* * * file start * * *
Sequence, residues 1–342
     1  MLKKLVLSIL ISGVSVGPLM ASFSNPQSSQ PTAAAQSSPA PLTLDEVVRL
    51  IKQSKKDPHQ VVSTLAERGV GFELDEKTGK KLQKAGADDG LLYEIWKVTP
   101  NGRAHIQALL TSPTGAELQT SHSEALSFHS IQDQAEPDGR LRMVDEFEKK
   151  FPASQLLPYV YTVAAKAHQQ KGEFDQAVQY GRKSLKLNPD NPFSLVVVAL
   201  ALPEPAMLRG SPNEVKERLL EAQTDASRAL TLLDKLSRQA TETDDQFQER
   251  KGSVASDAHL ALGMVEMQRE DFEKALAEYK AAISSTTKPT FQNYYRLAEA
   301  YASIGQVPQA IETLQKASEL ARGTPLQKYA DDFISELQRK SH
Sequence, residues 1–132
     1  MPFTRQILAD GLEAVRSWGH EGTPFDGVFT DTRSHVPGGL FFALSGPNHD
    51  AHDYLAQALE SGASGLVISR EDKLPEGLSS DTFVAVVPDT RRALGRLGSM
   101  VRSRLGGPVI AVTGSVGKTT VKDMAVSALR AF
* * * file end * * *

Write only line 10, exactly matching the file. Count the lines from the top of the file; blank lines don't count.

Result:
     1  MPFTRQILAD GLEAVRSWGH EGTPFDGVFT DTRSHVPGGL FFALSGPNHD